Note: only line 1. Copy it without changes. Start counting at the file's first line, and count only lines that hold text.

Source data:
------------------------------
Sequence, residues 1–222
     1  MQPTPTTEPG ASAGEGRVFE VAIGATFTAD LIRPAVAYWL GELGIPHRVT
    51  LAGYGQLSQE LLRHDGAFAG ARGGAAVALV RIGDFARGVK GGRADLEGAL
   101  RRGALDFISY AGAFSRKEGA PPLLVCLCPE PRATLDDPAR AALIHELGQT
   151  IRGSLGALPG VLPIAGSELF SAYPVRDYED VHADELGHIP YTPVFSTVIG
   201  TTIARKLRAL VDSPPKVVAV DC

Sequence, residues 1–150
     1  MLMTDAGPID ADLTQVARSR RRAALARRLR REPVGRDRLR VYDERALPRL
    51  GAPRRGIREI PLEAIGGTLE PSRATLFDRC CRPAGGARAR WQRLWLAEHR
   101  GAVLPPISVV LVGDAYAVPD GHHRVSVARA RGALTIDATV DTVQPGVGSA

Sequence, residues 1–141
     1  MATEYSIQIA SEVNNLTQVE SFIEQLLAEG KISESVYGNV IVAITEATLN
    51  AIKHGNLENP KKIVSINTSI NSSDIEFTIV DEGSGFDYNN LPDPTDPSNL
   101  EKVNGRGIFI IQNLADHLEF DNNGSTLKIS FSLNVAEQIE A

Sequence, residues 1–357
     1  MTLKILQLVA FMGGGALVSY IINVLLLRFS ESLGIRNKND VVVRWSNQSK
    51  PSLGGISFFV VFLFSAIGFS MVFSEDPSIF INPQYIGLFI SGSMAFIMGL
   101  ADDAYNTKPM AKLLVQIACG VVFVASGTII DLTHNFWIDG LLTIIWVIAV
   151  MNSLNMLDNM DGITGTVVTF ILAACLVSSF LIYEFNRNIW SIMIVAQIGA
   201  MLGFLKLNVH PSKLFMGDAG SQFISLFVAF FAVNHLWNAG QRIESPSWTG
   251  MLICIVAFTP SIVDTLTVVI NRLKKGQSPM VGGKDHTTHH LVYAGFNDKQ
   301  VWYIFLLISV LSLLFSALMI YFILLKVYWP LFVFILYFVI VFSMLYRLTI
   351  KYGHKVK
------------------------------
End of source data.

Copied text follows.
Sequence, residues 1–222